It’s not news that planes have to keep on the lookout for birds flying in the air, but with the technology we have nowadays they may not be the only hazard pilots need to watch out for. On October 12, a passenger plane traveling to Quebec City, Canada collided with a small drone. “This is the first time a drone has hit a commercial aircraft in Canada and I am extremely relieved that the aircraft only sustained minor damage and was able to land safely,” said by Marc Garneau, Minister of Canadian Transport. No arrests had been made following the incident, and being the first incident of its kind for the country, it had prompted a message from the government recapping on drone flight rules.
Carrying eight passengers from the city of Rouyn-Noranda, the plane was 370 miles northwest of Quebec City flying at an altitude of 1,500 feet when the drone came into contact with one of its wings. With growing fears surrounding drone flights, the Canadian government is scheduled to put out an updated set of guidelines limiting drone usage around animals, people and buildings (most importantly airports).
Besides the fact that this was a first time incident for Canada, it is not a first for the United States. Though use of unmanned aerial vehicles (also known as UAVs or drones) has been increasing dramatically, the practice has not been without risks. With incidents including a drone landing in a Yellowstone hot spring, injuries to bystanders, and crashes near the White House, these accidents are certainly not some of the last for this type of equipment. The domestic usage of drones as toys or for camera shots has been ever growing since 2014 and is nowhere near slowing down.
Transportation advisors in multiple countries have been trying to come up with rules to avoid any potential disasters. “If a drone were to hit the window of a cockpit and incapacitate the pilot, or were to damage in anyway an engine, this could have catastrophic results”, said Garneau while at a news conference about the issue. Earlier this year, Canada had announced safety measures, making it illegal to fly recreational drones within 3.5 miles of an airport, as well as limiting the height a drone can fly to around 300 feet. Punishment for breaking these regulations include a fine to as much as 25,000 Canadian dollars ($20,000 U.S) and/or a sentence in prison. According Garneau, the regulations apply to drones of any size and for any use.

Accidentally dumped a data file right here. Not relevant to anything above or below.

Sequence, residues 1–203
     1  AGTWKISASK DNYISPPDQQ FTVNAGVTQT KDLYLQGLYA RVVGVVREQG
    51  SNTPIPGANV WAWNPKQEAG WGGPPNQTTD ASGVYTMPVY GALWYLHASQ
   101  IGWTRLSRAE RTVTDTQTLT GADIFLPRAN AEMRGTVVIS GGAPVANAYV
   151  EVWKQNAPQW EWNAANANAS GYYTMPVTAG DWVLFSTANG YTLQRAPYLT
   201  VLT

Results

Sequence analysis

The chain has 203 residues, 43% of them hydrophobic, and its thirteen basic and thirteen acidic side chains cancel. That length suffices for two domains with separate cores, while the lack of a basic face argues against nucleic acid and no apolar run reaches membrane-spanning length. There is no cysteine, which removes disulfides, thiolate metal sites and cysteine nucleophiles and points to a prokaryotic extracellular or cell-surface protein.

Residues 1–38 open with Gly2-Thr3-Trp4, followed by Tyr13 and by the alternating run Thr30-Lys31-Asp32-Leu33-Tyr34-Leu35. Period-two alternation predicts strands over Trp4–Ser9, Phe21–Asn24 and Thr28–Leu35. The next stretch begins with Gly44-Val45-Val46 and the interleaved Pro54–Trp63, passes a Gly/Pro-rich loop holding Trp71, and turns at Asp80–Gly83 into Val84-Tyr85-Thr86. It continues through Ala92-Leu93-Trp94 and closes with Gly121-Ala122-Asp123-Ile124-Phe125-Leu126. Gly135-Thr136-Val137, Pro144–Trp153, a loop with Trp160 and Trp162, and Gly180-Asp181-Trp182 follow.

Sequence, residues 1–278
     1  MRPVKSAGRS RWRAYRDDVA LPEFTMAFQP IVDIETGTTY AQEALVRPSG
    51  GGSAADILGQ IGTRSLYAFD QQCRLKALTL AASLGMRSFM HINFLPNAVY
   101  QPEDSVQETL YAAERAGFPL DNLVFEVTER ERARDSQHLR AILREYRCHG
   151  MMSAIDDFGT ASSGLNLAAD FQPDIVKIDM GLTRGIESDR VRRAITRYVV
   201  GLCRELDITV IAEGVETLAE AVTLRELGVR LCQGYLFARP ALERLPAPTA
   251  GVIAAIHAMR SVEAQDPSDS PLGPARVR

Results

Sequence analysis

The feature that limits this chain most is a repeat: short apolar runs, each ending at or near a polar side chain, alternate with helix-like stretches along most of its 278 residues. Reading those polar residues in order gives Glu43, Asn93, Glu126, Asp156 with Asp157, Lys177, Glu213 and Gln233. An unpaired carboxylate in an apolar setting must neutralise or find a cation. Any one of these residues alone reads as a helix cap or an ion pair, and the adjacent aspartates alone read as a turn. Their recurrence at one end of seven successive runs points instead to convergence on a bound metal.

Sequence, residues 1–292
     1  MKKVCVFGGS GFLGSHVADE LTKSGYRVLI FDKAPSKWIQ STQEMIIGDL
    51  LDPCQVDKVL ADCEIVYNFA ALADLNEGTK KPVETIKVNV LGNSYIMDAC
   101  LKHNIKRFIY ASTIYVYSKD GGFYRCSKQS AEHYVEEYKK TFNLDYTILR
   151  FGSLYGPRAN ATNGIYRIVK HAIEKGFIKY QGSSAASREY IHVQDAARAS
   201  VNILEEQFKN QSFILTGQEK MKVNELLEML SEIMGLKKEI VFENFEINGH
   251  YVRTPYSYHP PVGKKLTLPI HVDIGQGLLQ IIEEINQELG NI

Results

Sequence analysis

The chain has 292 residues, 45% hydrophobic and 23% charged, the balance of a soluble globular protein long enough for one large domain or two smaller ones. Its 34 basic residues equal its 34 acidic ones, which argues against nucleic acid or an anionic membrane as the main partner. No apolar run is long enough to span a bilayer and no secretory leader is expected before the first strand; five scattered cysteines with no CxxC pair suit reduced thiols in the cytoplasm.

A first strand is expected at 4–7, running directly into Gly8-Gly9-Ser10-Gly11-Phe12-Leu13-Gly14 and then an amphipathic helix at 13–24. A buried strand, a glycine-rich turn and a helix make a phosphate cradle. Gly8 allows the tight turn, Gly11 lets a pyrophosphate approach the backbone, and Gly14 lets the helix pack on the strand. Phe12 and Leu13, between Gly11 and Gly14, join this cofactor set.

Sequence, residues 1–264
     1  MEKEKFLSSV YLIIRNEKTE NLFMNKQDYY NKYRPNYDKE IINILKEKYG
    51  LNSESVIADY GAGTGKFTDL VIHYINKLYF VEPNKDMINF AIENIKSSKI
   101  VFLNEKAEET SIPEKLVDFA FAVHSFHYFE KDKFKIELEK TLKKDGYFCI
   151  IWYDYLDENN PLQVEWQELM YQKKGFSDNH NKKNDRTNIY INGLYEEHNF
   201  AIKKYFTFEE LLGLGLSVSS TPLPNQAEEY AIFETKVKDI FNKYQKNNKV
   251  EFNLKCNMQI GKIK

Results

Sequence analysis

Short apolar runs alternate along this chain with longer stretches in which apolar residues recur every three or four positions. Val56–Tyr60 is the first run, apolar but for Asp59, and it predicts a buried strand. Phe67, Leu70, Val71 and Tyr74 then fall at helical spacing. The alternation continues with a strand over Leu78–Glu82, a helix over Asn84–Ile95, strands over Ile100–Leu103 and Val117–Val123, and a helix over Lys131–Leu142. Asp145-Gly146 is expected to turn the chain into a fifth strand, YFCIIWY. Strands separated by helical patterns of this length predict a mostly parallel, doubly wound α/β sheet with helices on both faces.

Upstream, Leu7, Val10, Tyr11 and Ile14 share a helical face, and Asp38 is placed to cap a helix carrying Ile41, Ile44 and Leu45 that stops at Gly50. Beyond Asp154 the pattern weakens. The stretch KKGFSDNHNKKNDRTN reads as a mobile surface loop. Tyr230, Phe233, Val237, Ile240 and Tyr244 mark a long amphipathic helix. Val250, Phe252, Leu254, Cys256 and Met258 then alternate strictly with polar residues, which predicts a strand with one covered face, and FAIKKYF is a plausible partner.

With the rules becoming more refined for our Canadian neighbors, the United States has been continuously taking action in securing domestic drone usage guidelines as well. From Operational Limitations to Aircraft Requirements, it’s all enforced and accounted for. The Federal Aviation Administration (FAA) had also condemned the unauthorized use of drones near airports. So if you or anyone you know is planning on purchasing or flying a drone, it would be a good idea to become familiar with the laws and to especially not forget about good old common sense. Remember, if flying close to an airport or any off-limits area, there will very well be serious consequences as a result.